🔭 Great PMs Create Scope

Finding new opportunities for impact is the key to PM career growth

One fascinating concept I've learned as a product manager is the idea of creating scope.

In other roles, “scope” is a fixed list of responsibilities. But for product managers, scope tends to be extremely fluid. While you start with a set of responsibilities, these often change with business needs.

The best PMs seem to always tackle exciting areas of work and grow their role in the company. But their role isn't growing because they are given more scope — it's growing because they are creating more scope.

Generally, I've noticed what differentiates junior and senior PMs is the ability to find and drive new scope. This ability require proactivity, awareness and confidence in your own abilities.

Today, I want to share my learnings around scope and how you can create more of it. Doing this will let you:

  1. Learn new skills by tackling interesting areas

  2. Become invaluable to your company

  3. Accelerate your own PM career.

🎨 Visualizing Scope

Six months into my product management journey, I became a PM on the Growth team for Watch, the video destination within the Facebook app. I was the most junior PM on the team.

The growth team (at the time) consisted of three "pods" - activation (acquiring new users), retention and international markets (products for specific markets). Each of these had its own product team and was led by a PM.

The size of the box represents the scope of the team (and thus the PM). The dots are a visualization for the team's resources — be it engineers, access to leadership or ownership of key metrics.

It’s important to note that PMs who report to the same manager can vary in seniority. What doesn’t vary is that seniority is directly tied to the size, ambiguity and impact of the scope they oversee.

This is also true for the Group PM. They are the most senior and have the largest scope of all PMs in a group.

But growth was only one group of Watch. Other groups focused on other parts of the product, for example, social features, the viewing experience, and the back-end platform. Zooming out, Watch as a whole looked something like this.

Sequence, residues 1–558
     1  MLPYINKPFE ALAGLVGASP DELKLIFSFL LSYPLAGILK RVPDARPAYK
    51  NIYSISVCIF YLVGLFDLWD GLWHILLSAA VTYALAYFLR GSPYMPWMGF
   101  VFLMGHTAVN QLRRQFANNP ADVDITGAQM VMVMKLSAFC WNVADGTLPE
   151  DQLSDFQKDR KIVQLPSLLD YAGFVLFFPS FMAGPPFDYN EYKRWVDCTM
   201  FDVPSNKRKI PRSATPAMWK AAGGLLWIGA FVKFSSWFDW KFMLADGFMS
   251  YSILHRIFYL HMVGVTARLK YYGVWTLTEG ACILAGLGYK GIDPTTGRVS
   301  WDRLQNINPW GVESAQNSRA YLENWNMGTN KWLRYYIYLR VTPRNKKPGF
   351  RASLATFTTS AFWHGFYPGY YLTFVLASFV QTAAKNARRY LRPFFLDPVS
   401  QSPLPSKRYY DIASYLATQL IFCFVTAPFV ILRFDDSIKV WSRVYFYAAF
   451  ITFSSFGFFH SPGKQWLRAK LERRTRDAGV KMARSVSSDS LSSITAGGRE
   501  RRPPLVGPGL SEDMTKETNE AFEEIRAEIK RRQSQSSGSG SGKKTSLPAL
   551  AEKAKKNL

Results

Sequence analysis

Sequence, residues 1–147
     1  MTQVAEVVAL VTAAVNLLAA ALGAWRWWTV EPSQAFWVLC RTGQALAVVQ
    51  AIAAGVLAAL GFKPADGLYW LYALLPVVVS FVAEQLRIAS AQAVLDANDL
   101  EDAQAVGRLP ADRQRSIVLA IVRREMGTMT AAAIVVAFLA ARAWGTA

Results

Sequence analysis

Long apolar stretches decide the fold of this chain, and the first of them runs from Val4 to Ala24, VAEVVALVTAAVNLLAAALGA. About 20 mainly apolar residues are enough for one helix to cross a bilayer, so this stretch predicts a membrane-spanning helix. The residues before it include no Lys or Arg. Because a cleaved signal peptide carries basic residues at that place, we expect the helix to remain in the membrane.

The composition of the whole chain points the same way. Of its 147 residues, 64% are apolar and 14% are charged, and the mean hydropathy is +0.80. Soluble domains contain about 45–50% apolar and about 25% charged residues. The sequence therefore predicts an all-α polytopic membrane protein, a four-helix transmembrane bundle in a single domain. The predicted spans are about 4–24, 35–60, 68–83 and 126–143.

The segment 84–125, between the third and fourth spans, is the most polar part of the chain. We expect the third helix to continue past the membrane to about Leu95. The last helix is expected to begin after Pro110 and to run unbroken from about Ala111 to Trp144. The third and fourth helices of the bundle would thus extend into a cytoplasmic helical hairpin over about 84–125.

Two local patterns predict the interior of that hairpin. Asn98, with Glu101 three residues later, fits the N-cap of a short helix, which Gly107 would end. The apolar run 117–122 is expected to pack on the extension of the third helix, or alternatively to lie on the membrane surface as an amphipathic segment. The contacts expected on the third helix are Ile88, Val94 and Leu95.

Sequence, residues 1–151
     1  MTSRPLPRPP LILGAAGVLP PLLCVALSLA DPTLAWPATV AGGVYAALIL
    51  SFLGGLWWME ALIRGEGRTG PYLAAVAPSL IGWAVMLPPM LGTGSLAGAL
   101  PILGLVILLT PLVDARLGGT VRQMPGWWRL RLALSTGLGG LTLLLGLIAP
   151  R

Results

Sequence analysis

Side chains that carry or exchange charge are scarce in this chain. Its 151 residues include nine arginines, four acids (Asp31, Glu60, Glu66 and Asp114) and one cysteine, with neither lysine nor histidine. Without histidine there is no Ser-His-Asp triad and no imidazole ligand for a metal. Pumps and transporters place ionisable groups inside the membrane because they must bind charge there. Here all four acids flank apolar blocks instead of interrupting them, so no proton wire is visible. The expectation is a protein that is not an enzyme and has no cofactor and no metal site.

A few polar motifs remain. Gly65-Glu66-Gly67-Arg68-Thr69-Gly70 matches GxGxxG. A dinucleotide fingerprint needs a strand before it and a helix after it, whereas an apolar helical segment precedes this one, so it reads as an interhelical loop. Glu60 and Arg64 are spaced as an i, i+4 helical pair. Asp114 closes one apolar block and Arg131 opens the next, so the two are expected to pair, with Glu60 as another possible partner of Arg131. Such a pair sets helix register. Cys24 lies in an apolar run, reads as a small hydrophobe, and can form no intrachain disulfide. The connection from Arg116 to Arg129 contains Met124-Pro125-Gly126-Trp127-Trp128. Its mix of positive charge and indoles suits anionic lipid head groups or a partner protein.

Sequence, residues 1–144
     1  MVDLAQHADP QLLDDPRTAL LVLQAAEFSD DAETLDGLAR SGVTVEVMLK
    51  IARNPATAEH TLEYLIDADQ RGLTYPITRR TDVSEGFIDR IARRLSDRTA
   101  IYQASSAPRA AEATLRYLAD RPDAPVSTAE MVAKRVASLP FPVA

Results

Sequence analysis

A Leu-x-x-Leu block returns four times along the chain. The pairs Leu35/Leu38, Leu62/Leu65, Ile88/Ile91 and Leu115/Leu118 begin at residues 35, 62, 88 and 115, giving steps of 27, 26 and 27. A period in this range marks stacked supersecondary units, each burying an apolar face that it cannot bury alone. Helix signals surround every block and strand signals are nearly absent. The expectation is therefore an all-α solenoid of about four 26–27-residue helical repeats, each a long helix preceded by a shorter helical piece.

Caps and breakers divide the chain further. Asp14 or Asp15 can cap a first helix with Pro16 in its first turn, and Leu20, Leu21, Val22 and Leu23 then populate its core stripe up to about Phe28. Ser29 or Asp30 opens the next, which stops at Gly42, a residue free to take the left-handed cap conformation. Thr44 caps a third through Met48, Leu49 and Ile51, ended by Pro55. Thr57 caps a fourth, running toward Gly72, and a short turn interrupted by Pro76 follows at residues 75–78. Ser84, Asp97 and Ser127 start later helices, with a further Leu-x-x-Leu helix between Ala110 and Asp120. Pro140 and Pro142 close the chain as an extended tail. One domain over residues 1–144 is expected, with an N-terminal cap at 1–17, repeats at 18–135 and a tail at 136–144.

From this view, you'll notice that the Group PM of growth fits into a nearly identical organizational structure as individual PMs within the growth team. They are just a part of a larger area — in this case, all of Watch.

In both the Group PM and individual PM cases, PMs with larger scope have the ability to have more impact. This is because important areas garner more resources (ex. # of engineers), attention from leadership and are typically more aligned with the larger group strategy.

In summary, scope has two key traits:

  1. Senior PMs have a larger scope (and therefore, higher likelihood for impact)

  2. You can grow your scope in two ways: by managing other PMs or creating new scope within your area.

Managing other PMs is intuitive and a common career goal of product managers. I want to speak more to the second route of expanding your scope, which is much more nuanced.

🔍 Creating scope

In the middle of my time on the Watch Growth team, the first wave of COVID-19 lockdowns started to sweep the world. With people stuck at home, more people were spending time on Facebook and enjoying videos.

We saw a surge in activation, which is the area I was responsible for at the time. But as the surge was ongoing, we realized the need to drastically improve our first-time user experience (FTUX) to make sure those new users came back.